of him some light infantry out of the rear, and some horse out of

the front, with which he would undertake to do some considerable service.

Which when he had obtained, he beat the enemy back, not withdrawing,

as was usual, at the same time, and retreating upon the mass of the

heavy infantry, but maintaining his own ground, and engaging boldly.

The officers who commanded in the rear, perceiving how far he was

getting from the body of the army, sent to warn him back, but he took

no notice of them. It is said that Titius the quaestor snatched the

standards and turned them round, upbraiding Gallus with thus leading

so many brave men to destruction. But when he on the other side reviled

him again, and commanded the men that were about him to stand firm,

Titius made his retreat, and Gallus, charging the enemies in the front,

was encompassed by a party that fell upon his rear, which at length

perceiving, he sent a messenger to demand succour. But the commanders

of the heavy infantry, Canidius amongst others, a particular favourite

of Antony's, seem here to have committed a great oversight. For, instead

of facing about with the whole body, they sent small parties, and,

when they were defeated, they still sent out small parties, so that

by their bad management the rout would have spread through the whole

army, if Antony himself had not marched from the van at the head of

the third legion, and, passing this through among the fugitives, faced

the enemies, and hindered them from any further pursuit.

In this engagement were killed three thousand, five thousand were

carried back to the camp wounded, amongst the rest Gallus, shot through

the body with four arrows, of which wounds he died. Antony went from

tent to tent to visit and comfort the rest of them, and was not able

to see his men without tears and a passion of grief. They, however,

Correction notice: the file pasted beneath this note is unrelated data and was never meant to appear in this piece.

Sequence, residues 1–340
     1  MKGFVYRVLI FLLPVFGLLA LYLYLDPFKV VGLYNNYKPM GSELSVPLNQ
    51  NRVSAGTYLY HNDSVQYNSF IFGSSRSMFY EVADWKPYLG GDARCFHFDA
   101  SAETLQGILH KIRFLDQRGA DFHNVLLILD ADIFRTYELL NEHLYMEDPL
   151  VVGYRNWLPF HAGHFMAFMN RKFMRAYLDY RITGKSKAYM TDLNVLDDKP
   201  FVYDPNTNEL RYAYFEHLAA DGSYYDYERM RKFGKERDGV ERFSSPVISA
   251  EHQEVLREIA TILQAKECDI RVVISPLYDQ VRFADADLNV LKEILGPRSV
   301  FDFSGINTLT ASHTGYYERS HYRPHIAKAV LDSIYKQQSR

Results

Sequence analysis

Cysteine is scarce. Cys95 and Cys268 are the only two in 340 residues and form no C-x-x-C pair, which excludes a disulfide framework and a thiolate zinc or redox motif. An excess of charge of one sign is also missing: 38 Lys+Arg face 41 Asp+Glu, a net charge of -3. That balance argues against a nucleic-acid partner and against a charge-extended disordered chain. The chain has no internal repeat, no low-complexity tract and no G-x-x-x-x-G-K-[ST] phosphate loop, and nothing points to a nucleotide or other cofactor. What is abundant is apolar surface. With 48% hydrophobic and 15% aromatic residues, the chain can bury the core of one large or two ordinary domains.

seized his hand with joyful faces, bidding him go and see to himself

and not be concerned about them, calling him their emperor and their

general, and saying that if he did well they were safe. For, in short,

never in all these times can history make mention of a general at

the head of a more splendid army; whether you consider strength and

youth, or patience and sufferance in labours and fatigues; but as

for the obedience and affectionate respect they bore their general,

and the unanimous feeling amongst small and great alike, officers

and common soldiers, to prefer his good opinion of them to their very

lives and being, in this part of military excellence it was not possible

that they could have been surpassed by the very Romans of old. For

this devotion, as I have said before, there were many reasons, as

the nobility of his family, his eloquence, his frank and open manners,

his liberal and magnificent habits, his familiarity in talking with

everybody, and, at this time particularly, his kindness in visiting

and pitying the sick, joining in all their pains, and furnishing them

with all things necessary, so that the sick and wounded were even

more eager to serve than those that were whole and strong.

Nevertheless, this last victory had so encouraged the enemy that,

instead of their former impatience and weariness, they began soon